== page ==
Growing herbal leys is helping a Welsh suckler beef farm grow and finish cattle at pasture while reducing its nitrogen use.

Huw and Meinir Jones grow 6.5 hectares (ha) of a seed mix incorporating deep rooting plantain and chicory and nitrogen-fixing clover at Bryn Farm, a Farming Connect demonstration site near Cardigan.

During a recent Farming Connect webinar, they said they had opted to include ryegrass in a mix rich in minerals to improve the longevity of the ley.

“If the chicory and plantain fade out after four or five years we will still have clover and ryegrass,’’ said Mr Jones.

The herbal ley was first grazed with lambs at the beginning of August 2020, with the field split into five paddocks to prevent selective grazing.

After being left to rest since December, it measured 2,400kgDM/ha when store cattle were turned onto it in mid-March. No fertiliser has been applied.

The target growth rates for the growing cattle on the herbal leys are 1.25kg/day over the grazing season; they will be weighed twice over the summer to track progress.

Dr Liz Genever, an independent beef and sheep specialist, who has been advising the Jones’ with their Farming Connect project work, said one of the most important considerations for growing herbal leys is their management in wet conditions.

“They don’t like to be grazed in wet conditions so careful management is needed, for instance grazing with lighter animals to avoid persistency issues,’’ she said.

They perform well in a rotation but for farms with heavier, clay soils, a mix of clover and grass, timothy or fescues in particular, might be preferable, Dr Genever added.

Bryn Farm is a dry farm so for the Jones’ the herbal leys can provide them with grazing even when conditions are very dry.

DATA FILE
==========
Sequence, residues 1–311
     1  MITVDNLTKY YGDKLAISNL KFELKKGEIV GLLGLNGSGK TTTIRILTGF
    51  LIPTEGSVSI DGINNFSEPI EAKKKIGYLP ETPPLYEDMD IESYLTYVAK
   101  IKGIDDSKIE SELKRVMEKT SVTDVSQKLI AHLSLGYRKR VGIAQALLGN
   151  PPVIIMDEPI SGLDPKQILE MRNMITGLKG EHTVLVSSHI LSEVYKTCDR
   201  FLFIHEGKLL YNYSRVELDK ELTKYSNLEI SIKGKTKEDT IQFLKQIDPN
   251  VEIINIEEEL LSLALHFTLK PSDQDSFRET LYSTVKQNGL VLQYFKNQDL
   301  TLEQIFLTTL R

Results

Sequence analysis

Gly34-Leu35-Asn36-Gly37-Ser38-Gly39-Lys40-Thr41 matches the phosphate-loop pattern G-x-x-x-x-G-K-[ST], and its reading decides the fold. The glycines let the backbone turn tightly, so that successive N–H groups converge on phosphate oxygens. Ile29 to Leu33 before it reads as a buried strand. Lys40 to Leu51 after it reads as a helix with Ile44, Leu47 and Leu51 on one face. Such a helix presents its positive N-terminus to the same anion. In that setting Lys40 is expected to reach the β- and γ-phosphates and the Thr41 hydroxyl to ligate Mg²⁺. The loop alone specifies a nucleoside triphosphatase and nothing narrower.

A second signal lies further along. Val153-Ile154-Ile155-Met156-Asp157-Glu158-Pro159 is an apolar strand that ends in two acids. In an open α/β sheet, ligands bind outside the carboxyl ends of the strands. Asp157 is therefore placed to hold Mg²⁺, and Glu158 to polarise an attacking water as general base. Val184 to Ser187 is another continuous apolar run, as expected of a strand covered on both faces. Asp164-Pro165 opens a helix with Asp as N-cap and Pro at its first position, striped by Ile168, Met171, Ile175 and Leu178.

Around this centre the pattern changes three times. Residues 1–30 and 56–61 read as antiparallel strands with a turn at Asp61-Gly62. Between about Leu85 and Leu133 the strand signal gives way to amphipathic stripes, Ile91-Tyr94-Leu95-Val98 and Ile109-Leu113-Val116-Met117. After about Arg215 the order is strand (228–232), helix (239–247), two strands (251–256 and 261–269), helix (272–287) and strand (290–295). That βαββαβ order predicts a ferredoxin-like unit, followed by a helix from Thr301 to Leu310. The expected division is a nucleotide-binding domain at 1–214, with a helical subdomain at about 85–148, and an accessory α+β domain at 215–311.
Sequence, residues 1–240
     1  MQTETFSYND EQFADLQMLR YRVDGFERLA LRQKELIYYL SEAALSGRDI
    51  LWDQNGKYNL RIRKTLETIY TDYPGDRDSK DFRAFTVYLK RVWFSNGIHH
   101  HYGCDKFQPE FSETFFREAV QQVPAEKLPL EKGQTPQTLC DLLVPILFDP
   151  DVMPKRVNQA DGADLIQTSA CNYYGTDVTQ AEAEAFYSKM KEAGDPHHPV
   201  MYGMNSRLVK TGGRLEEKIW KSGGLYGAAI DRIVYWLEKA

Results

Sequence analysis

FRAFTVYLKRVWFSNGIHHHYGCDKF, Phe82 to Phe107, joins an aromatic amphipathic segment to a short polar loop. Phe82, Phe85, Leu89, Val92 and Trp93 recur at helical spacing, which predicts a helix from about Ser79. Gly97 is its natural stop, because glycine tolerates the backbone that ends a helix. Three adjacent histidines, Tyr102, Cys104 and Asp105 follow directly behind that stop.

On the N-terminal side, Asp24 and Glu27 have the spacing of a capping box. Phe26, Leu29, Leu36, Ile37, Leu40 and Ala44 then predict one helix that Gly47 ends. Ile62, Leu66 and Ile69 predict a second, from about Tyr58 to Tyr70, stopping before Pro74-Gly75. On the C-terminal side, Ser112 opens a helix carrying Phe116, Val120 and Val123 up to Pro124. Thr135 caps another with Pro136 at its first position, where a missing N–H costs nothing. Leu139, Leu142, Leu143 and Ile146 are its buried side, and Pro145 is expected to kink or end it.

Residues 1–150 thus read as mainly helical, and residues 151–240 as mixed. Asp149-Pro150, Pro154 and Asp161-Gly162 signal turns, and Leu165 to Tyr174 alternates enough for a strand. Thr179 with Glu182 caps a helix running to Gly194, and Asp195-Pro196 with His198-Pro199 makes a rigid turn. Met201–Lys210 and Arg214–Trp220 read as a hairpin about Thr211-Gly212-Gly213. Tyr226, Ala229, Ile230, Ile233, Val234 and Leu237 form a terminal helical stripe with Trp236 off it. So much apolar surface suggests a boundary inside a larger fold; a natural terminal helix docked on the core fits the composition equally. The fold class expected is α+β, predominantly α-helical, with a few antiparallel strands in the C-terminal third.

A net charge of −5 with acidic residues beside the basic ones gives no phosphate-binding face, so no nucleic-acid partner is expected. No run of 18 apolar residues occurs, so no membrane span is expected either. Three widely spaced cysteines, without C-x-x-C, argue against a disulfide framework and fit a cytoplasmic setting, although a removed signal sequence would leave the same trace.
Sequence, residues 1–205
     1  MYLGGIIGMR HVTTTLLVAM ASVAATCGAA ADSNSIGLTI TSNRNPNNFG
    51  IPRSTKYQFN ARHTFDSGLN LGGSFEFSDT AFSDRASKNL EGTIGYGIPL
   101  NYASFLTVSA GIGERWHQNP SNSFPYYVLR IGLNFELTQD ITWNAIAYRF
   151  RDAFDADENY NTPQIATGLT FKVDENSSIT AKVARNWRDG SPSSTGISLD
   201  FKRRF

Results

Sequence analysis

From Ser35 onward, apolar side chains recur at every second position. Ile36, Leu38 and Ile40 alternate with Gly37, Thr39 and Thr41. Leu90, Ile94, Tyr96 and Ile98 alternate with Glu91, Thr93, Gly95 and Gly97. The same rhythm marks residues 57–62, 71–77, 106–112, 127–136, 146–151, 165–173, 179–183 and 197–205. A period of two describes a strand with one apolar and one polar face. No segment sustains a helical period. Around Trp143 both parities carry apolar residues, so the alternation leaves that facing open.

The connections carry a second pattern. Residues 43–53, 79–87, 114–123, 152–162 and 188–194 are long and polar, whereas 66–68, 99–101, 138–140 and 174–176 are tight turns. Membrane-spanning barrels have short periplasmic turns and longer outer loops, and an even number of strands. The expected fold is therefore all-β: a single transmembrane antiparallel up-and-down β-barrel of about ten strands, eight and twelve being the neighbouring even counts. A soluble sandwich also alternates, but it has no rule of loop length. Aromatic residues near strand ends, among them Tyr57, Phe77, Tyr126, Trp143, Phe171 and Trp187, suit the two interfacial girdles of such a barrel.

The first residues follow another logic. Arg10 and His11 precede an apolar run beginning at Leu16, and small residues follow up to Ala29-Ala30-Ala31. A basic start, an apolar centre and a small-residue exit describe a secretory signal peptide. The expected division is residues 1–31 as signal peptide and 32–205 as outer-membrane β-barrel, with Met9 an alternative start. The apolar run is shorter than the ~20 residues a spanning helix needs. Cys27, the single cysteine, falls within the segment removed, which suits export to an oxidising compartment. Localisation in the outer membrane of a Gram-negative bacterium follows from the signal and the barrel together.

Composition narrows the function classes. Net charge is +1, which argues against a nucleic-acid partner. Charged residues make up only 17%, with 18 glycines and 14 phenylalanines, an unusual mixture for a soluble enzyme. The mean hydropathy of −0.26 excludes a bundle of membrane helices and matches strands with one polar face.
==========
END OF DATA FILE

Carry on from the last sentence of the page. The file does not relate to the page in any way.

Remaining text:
They are now considering nearly doubling the acreage, to 10ha, to provide a grazing block for growing cattle.

They produce beef from 80 sucklers which are sired to a Charolais or Saler and calve from 3 February.

The farm has been rotationally grazed in a 0.4 ha (1 acre) paddock system for three years – in mid-season the rotation averages 28 days.

“We are much more in control with smaller paddocks, we are seeing great progress with grass utilisation and grass growing back after it has been grazed,’’ said Mr Jones.

“We do need to be flexible though, the cattle tell us what they need.’’

Mrs Jones measures the grass with a plate meter and the data is uploaded to Agrinet to inform the grazing plan. The farm’s grass growth is monitored by the Welsh Pasture Project and data can be seen on the Farming Connect website.

A group of 67 cattle are grazing the 0.4ha blocks and with a requirement of 15kgDM/day/head this creates a total daily requirement of 1,005kgDM. In mid-March the farm had an average cover of 2,378kgDM/ha which means the covers in the 0.4ha blocks are matching the daily demand of the group.

Mr Jones said he is now much more confident with turning cattle into lighter covers.

“Before we wouldn’t graze until the covers were around 3,000kgDM ha but we have come to learn that a short, sharp shock of grazing at lower covers and moving the cattle on will have the grass growing back.’’

It is good for calf health too, said Mrs Jones.

“The cows had too much milk when we were grazing heavier covers and that was causing issues with the calves,’’ she said.

The Jones’ are now considering revising the calving start date to the end of February, to better suit grass growth.

“It would mean that I could keep the store cattle in the shed for longer and they could go straight out to graze the herbal leys,’’ said Mr Jones.

Currently over 90 per cent of the herd calves in a seven-week period.

In 2021, the plan is to reduce the bulling period to six weeks; advantage will be taken of the slight delay in introducing the bulls this year with the calving start date being moved to late February.